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FRIDAY, May 19, 2017 (HealthDay News) -- Eating lots of fruits and vegetables doesn't only boost your health, it can cut your risk of packing on extra pounds by almost half, researchers report.
"Our study suggests that plant-based diets are associated with substantially lower risk of developing obesity. This supports current recommendations to shift to diets rich in plant foods, with lower intake of animal foods," wrote the authors from the University of Navarra and the Carlos III Institute of Health, both in Spain.
Their study included more than 16,000 healthy, non-obese Spanish adults who were followed for an average of 10 years after university graduation. During that time, almost 600 of the participants became obese.
The study participants provided information on their diet at the start of the study. Points were given for eating plant-based foods such as vegetables, fruits, grains, nuts, olive oil, legumes (such as peas, beans and lentils) and potatoes.
Points were taken away for eating animal-based foods such as animal fats, dairy, eggs, meats, fish and other seafood.
Based on these scores, study participants were placed into one of five groups. The higher the score, the more likely someone was to eat a pro-vegetarian diet, according to the researchers led by Julen Sanz, a student at the University of Navarra.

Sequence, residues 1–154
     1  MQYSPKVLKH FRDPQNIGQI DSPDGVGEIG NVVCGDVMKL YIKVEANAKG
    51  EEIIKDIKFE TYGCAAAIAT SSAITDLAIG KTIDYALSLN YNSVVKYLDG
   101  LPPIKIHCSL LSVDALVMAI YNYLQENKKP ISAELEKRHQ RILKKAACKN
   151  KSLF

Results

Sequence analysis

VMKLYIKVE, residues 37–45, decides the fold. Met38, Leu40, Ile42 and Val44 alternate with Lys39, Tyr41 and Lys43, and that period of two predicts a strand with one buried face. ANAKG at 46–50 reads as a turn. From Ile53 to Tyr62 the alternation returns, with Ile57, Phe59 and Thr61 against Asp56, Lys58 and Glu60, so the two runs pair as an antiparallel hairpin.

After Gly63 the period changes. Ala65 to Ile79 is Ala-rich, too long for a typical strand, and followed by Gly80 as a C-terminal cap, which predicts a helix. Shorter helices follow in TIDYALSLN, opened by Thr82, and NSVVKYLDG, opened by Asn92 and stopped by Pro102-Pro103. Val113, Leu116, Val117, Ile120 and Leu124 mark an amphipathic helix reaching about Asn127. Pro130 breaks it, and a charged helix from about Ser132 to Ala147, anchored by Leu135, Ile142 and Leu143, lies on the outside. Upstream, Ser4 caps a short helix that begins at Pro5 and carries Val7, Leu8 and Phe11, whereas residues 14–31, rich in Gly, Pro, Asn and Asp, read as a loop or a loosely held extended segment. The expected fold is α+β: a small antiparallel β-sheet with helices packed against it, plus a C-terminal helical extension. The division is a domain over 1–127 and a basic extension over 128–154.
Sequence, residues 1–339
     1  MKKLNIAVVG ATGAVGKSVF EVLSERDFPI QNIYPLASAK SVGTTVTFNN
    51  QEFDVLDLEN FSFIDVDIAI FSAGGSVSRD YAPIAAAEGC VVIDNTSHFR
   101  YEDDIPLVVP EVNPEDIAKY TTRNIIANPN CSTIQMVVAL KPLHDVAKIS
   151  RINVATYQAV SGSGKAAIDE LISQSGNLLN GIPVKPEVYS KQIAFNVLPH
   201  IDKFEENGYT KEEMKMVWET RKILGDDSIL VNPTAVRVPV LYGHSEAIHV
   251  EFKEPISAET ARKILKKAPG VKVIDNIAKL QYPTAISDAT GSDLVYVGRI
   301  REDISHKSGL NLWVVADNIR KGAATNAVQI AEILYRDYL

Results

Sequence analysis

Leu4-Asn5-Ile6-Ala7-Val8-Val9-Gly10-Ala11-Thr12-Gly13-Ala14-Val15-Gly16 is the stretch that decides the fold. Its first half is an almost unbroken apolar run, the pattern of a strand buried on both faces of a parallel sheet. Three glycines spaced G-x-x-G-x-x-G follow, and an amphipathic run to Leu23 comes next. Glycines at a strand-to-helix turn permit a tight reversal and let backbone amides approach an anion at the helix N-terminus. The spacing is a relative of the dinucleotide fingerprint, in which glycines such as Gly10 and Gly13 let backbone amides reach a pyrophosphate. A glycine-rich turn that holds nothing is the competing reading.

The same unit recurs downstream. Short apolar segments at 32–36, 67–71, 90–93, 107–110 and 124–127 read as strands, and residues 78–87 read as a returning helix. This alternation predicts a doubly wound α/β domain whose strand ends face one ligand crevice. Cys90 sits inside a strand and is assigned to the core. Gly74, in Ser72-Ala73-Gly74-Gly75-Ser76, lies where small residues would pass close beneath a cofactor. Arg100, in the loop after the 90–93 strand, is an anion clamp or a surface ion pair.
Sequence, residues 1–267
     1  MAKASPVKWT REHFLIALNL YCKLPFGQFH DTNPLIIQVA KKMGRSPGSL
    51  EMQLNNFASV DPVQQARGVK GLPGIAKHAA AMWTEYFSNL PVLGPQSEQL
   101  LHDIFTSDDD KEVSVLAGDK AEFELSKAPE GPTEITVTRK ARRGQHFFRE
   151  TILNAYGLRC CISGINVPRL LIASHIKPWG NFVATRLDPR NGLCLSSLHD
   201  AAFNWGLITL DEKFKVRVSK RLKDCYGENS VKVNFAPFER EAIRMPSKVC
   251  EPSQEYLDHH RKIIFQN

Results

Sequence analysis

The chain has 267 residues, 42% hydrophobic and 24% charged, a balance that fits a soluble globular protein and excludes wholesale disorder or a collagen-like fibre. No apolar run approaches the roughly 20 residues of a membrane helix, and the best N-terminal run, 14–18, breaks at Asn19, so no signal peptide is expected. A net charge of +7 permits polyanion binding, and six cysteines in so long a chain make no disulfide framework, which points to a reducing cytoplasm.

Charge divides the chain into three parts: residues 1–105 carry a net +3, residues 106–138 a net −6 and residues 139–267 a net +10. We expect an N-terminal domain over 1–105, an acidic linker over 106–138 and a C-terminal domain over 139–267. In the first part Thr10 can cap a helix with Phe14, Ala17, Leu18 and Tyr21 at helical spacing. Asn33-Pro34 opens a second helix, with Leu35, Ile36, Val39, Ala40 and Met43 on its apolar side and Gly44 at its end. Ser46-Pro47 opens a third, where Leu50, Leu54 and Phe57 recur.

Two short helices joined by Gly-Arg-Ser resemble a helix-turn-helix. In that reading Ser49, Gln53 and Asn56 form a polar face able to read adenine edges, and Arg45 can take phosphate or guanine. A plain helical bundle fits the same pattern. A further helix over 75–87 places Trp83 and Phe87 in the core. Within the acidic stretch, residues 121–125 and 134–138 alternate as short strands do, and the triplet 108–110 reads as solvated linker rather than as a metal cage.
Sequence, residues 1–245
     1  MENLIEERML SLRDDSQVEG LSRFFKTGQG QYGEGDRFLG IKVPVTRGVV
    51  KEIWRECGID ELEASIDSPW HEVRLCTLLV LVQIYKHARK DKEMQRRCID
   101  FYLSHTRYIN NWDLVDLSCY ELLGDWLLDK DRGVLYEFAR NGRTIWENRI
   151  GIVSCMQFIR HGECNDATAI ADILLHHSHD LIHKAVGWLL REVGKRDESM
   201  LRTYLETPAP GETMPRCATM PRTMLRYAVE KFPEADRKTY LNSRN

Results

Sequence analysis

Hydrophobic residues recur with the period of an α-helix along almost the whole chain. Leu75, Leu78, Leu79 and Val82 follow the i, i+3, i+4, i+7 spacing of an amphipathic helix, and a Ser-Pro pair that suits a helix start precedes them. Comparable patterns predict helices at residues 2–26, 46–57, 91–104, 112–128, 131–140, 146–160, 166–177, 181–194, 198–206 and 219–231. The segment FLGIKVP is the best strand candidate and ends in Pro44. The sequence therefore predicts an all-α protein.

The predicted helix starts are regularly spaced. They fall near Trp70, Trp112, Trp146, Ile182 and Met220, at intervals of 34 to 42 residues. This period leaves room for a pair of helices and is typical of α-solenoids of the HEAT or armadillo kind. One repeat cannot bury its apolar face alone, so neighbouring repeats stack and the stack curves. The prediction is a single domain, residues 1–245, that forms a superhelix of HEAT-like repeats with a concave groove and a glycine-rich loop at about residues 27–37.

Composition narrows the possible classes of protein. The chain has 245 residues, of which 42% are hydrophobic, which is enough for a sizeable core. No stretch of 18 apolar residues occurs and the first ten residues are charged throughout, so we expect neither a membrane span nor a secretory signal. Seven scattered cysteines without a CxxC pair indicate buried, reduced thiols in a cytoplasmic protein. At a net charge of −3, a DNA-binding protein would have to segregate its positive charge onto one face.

Compared to those who ate the fewest fruits and vegetables, those who ate the most fruits and vegetables had a 43 percent lower risk of obesity.
For the group that ate the next highest amount of fruits and vegetables, the risk of obesity was reduced by 17 percent compared to the lowest fruit and vegetable consumers.
People who consumed the second and third-highest amounts of fruits and vegetables also had a lower risk of obesity, the study showed.
The authors noted that only an association was seen between consuming plant-based foods and developing obesity, rather than cause and effect.
The study was to be presented Thursday at the European Congress on Obesity, in Porto, Portugal. Findings presented at meetings are typically viewed as preliminary until they've been published in a peer-reviewed journal.
-- Robert Preidt
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